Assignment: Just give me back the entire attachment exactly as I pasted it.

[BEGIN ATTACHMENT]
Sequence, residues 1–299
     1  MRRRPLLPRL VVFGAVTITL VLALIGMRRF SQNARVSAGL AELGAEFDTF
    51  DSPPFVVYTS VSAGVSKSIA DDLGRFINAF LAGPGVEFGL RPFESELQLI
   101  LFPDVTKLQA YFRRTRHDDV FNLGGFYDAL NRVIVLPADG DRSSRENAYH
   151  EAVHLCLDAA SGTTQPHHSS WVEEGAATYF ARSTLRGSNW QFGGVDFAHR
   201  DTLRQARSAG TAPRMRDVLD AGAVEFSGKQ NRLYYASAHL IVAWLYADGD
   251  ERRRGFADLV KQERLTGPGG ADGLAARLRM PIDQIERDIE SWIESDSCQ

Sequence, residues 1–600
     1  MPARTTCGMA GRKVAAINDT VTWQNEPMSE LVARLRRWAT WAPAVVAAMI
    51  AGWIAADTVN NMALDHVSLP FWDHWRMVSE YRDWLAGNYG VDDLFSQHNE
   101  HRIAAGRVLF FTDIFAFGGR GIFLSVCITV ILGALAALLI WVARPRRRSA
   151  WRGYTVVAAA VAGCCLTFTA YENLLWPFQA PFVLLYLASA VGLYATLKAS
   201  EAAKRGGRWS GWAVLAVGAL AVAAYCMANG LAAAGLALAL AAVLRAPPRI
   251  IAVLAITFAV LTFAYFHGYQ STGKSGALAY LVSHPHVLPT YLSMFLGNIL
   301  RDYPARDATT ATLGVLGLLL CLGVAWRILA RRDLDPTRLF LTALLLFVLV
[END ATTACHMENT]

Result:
Sequence, residues 1–299
     1  MRRRPLLPRL VVFGAVTITL VLALIGMRRF SQNARVSAGL AELGAEFDTF
    51  DSPPFVVYTS VSAGVSKSIA DDLGRFINAF LAGPGVEFGL RPFESELQLI
   101  LFPDVTKLQA YFRRTRHDDV FNLGGFYDAL NRVIVLPADG DRSSRENAYH
   151  EAVHLCLDAA SGTTQPHHSS WVEEGAATYF ARSTLRGSNW QFGGVDFAHR
   201  DTLRQARSAG TAPRMRDVLD AGAVEFSGKQ NRLYYASAHL IVAWLYADGD
   251  ERRRGFADLV KQERLTGPGG ADGLAARLRM PIDQIERDIE SWIESDSCQ

Sequence, residues 1–600
     1  MPARTTCGMA GRKVAAINDT VTWQNEPMSE LVARLRRWAT WAPAVVAAMI
    51  AGWIAADTVN NMALDHVSLP FWDHWRMVSE YRDWLAGNYG VDDLFSQHNE
   101  HRIAAGRVLF FTDIFAFGGR GIFLSVCITV ILGALAALLI WVARPRRRSA
   151  WRGYTVVAAA VAGCCLTFTA YENLLWPFQA PFVLLYLASA VGLYATLKAS
   201  EAAKRGGRWS GWAVLAVGAL AVAAYCMANG LAAAGLALAL AAVLRAPPRI
   251  IAVLAITFAV LTFAYFHGYQ STGKSGALAY LVSHPHVLPT YLSMFLGNIL
   301  RDYPARDATT ATLGVLGLLL CLGVAWRILA RRDLDPTRLF LTALLLFVLV